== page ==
By Jesse Eastman
For gardeners who prefer to maintain a shred of sanity, March can be an extremely challenging month. The weather swings wildly from balmy 60-degree days to frigid sub-zero nights. Just as it seems like trees are shriveling up inside their bark, an overnight storm will drop loads of soggy wet snow. In like a lion, out like a lamb, but what a roller coaster ride in between!
I have been teaching myself (with limited success) to find ways to get excited for spring without overstepping the boundaries that March weather places on Colorado gardeners.
The first part of my March preparation begins with selectively growing what I can. This is the month when I start many seeds of early crops like broccoli, chard, and cabbage. It feels good to start bringing seeds to life after a long winter of “fresh” vegetables from the store that taste about as fresh as cardboard. I like to use St. Patrick’s Day as a milestone for some of the very first veggies that can be planted directly outside: peas, onions, potatoes, spinach, radishes, turnips, and the list goes on. Pansies can tolerate frost too, and nothing will lift your spirits like the happy little face of a pansy peeking its bright painted smile up through the snow. Ranunculus and ornamental kale seal the deal with their elegant, almost Victorian aesthetic appeal.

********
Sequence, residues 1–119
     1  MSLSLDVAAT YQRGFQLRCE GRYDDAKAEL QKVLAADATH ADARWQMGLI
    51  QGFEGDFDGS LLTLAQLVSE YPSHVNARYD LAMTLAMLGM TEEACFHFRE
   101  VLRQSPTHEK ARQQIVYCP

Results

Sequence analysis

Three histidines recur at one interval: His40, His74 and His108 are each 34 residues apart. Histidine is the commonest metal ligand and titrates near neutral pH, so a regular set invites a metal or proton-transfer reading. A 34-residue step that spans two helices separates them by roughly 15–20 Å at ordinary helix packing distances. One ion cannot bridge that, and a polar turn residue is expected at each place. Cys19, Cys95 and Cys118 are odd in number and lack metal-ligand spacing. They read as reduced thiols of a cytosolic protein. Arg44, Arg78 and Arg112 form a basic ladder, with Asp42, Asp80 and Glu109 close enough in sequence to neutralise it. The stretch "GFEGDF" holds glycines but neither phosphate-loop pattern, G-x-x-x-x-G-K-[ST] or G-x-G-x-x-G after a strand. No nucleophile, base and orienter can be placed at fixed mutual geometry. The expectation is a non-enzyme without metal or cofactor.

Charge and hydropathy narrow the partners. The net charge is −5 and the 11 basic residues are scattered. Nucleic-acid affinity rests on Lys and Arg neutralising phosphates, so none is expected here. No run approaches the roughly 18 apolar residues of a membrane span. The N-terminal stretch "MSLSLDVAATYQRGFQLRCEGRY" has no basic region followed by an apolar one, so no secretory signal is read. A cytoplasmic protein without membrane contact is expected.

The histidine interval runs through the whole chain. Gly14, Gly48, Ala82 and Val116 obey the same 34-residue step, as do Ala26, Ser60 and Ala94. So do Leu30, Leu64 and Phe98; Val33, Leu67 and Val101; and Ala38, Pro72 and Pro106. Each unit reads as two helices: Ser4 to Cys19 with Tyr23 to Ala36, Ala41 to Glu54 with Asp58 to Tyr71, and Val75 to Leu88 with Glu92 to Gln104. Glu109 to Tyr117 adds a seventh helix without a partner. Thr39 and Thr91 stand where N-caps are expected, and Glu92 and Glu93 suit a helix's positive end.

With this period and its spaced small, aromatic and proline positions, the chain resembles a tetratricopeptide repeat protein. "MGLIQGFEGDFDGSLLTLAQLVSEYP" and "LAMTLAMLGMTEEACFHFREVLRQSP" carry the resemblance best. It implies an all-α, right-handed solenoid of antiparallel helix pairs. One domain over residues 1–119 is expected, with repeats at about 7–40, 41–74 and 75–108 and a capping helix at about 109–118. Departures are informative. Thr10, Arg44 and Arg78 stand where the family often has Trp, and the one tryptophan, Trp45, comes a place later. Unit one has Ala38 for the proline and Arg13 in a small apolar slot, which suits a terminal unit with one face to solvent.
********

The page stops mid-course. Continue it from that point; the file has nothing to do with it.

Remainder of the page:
The second part of my preparation involves tricking myself into a false sense of comfort as well as a fair amount of denial. My lime tree is blooming indoors, as are my hibiscus and bonsai azalea. I find it is frighteningly easy for me to walk inside shivering and wet, take a deep whiff of the intoxicatingly sweet lime blossoms, lie down on my couch staring at the warm tropical hibiscus blooms, and wake up an hour later feeling much better about the world. Why worry about the crummy conditions outside when I can make the inside such a wonderful escape?
I don’t know if these tactics will work for you. Some of you, and you know who you are, are probably calling garden centers right now asking about availability of peppers and petunias, to no avail. Trust me, you’re just getting yourself worked up, and there’s nothing you or anyone can really do about the weather. So I suggest finding a different way to deal with the burning desire to immediately plant your whole yard. Sow some seeds, find delight in tropical flora, and sleep until April.
Originally published on March 4th, 2011. Updated on February 28th, 2022.